Microsoft launches enterprise preview of all-cloud printing service

Microsoft this week opened a private preview of its all-cloud Universal Print service to customers running Windows 10 Enterprise or Windows 10 Education.

Those customers also require an available Azure Active Directory (AAD) tenant, to which the personal computers accessing the cloud printing preview must be joined.

Elsewhere, Microsoft described Universal Print as “a Microsoft 365 subscription-based service;” it was unclear whether that meant only customers licensing Microsoft 365 – the subscription bundling Windows 10, Office 365 and a host of management and security tools – would be eligible for the preview, the final when it debuts or both.

From other support documents, Microsoft implied that Universal Print will require a license, which hint that it will be an add-on expense.

“Universal Print moves key Windows Server print functionality to the Microsoft 365 cloud, so organizations no longer need on-premises print servers and do not need to install printer drivers on devices,” Kristin Carr, group program manager, print and networking services, wrote in a March 2 post to a company blog.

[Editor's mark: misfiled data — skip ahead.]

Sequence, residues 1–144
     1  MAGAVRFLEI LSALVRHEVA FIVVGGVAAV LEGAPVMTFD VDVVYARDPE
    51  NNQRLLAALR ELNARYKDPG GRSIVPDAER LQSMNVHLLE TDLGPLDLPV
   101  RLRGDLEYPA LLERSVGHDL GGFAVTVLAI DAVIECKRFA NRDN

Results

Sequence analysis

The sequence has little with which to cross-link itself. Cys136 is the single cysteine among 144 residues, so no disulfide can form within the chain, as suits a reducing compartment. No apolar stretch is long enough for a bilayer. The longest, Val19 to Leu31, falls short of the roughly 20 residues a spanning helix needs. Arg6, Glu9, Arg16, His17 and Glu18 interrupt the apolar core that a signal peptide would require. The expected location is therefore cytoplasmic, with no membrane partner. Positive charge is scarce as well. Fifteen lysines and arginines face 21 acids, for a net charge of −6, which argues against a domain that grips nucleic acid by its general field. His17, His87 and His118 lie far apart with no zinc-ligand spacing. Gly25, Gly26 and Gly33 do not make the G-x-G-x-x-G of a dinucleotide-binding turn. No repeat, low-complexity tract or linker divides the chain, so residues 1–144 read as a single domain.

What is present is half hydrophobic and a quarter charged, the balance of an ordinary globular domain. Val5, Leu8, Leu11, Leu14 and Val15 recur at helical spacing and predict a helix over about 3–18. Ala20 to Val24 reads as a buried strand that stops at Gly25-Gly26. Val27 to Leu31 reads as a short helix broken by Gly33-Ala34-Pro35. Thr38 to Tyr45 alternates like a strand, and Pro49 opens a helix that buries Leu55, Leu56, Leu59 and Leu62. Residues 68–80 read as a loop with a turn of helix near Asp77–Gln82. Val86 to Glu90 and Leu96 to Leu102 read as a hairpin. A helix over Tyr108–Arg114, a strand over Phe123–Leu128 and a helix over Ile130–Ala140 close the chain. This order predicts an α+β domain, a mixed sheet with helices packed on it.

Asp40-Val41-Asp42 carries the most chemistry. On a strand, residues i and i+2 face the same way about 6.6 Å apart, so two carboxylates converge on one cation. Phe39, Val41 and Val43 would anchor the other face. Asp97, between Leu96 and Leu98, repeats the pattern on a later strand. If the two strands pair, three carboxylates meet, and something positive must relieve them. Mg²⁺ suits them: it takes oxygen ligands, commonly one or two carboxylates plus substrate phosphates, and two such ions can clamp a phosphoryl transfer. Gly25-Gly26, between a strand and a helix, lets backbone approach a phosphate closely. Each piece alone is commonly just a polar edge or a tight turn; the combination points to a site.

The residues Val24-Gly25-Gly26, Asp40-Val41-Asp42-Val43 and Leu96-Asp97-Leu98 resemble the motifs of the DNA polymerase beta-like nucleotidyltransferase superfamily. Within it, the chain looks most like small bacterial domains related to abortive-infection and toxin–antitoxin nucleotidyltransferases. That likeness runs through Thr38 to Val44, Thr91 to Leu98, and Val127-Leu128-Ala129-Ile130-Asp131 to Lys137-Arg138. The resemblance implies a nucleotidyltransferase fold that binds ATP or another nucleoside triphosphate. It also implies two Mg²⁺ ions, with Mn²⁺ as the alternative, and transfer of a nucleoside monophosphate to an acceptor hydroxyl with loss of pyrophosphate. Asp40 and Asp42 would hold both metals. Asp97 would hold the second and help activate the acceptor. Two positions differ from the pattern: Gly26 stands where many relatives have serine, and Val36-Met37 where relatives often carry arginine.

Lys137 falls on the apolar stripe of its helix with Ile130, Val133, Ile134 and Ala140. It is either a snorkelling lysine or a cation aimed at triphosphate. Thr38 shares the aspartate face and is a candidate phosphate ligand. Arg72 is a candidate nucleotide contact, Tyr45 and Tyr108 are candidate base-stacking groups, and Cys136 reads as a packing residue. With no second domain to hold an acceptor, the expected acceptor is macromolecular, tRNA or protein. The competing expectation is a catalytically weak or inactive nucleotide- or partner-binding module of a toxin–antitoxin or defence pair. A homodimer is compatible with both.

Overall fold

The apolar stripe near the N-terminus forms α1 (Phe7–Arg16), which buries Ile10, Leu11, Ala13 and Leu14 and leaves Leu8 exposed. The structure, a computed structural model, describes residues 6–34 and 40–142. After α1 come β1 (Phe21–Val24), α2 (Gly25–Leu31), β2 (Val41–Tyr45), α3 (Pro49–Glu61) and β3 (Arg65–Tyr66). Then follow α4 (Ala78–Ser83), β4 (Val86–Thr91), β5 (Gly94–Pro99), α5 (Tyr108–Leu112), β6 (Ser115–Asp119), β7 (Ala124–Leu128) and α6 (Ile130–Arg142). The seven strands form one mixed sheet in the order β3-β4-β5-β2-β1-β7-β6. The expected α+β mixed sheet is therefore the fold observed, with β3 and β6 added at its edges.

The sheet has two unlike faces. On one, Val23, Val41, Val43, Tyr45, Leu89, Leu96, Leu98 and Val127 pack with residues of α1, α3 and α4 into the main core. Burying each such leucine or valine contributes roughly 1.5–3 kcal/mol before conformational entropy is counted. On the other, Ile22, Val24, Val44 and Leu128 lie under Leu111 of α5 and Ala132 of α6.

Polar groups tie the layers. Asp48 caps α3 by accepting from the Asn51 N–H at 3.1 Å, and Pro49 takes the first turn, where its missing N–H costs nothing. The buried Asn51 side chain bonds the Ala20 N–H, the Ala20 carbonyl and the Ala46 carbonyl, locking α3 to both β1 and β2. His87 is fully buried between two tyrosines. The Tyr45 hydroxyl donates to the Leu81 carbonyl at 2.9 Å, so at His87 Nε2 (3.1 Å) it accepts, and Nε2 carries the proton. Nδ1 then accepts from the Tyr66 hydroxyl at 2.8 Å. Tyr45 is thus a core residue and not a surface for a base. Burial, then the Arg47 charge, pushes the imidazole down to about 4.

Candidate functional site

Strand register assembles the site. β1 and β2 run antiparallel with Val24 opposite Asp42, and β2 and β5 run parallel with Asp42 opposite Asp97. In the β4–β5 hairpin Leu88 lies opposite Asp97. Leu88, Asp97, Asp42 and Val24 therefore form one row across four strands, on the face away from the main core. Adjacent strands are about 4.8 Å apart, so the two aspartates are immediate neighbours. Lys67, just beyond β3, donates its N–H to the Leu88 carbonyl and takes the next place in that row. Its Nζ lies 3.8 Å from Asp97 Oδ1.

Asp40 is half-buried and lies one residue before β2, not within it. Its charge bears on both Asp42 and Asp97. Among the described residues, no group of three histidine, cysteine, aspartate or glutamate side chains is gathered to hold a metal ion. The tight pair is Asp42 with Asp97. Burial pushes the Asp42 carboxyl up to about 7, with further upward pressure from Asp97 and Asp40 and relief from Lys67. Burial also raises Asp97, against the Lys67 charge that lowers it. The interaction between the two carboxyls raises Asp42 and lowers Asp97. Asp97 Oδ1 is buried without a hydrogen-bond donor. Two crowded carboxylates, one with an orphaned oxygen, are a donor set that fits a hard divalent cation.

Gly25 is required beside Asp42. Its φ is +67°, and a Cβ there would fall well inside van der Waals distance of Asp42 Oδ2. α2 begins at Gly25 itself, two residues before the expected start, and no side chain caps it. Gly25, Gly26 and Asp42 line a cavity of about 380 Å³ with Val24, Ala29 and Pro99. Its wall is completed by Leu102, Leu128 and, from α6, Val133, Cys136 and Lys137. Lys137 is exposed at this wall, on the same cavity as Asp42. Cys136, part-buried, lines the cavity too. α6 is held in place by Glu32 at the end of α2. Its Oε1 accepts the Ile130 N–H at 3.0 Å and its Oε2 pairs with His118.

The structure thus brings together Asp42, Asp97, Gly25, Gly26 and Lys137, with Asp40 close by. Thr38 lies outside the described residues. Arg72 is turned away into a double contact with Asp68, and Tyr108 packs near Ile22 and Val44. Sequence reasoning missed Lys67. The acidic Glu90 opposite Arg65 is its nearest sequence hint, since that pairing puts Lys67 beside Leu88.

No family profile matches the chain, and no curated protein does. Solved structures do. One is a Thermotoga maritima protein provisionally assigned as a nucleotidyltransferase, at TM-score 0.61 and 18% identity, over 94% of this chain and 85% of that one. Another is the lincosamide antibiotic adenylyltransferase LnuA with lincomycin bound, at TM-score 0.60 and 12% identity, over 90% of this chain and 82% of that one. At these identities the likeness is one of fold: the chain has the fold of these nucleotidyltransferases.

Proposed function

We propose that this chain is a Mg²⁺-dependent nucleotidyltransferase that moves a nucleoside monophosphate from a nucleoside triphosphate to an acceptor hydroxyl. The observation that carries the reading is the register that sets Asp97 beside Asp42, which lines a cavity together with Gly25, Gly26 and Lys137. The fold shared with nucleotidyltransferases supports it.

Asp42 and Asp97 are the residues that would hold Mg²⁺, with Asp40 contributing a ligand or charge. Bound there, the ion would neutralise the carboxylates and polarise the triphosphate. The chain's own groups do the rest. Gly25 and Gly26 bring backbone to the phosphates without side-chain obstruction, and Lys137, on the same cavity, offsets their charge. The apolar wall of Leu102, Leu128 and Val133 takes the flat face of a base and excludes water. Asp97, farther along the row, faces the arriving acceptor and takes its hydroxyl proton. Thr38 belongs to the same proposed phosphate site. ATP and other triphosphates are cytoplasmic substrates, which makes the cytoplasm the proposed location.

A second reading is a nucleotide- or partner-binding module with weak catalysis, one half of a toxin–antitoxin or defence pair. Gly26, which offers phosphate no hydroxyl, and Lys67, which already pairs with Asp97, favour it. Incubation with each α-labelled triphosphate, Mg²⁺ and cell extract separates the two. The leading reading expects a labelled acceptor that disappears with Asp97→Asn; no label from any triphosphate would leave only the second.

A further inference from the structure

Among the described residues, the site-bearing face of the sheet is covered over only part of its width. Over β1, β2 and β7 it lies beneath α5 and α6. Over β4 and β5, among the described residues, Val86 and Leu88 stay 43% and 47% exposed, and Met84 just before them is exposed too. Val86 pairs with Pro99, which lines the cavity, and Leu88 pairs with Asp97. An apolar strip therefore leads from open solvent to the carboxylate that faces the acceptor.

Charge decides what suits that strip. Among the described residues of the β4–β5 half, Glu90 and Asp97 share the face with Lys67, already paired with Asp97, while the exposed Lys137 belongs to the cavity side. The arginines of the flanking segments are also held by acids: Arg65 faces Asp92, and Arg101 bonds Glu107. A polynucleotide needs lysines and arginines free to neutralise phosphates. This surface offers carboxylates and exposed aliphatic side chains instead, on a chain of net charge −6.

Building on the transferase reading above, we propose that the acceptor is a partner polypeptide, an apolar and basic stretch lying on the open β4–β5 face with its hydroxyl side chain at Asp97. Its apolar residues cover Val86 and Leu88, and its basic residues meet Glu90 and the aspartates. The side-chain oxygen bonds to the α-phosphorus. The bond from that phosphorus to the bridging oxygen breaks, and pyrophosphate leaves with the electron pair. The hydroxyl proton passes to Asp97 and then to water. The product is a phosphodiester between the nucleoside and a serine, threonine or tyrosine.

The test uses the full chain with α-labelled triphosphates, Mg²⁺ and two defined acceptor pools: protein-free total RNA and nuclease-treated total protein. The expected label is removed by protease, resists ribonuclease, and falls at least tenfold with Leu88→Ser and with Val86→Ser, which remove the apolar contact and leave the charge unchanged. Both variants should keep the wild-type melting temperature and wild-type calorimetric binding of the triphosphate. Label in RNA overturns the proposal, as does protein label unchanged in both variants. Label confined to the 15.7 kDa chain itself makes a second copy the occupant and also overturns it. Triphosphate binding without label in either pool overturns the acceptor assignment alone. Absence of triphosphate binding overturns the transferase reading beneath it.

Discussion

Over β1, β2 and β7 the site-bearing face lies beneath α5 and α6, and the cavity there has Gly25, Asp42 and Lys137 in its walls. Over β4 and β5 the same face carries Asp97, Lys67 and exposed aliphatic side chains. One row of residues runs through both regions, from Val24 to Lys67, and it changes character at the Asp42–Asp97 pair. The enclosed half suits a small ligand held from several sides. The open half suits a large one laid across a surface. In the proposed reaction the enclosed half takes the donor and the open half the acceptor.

Like other vendors’ cloud print services, Universal Print allows printing without direct device-to-printer links – thus enabling printing from mobile devices such as smartphones and tablets – without printer servers to manage printer access and handle department billing, and centralizes printing so that swaths of users can share more sophisticated printers.

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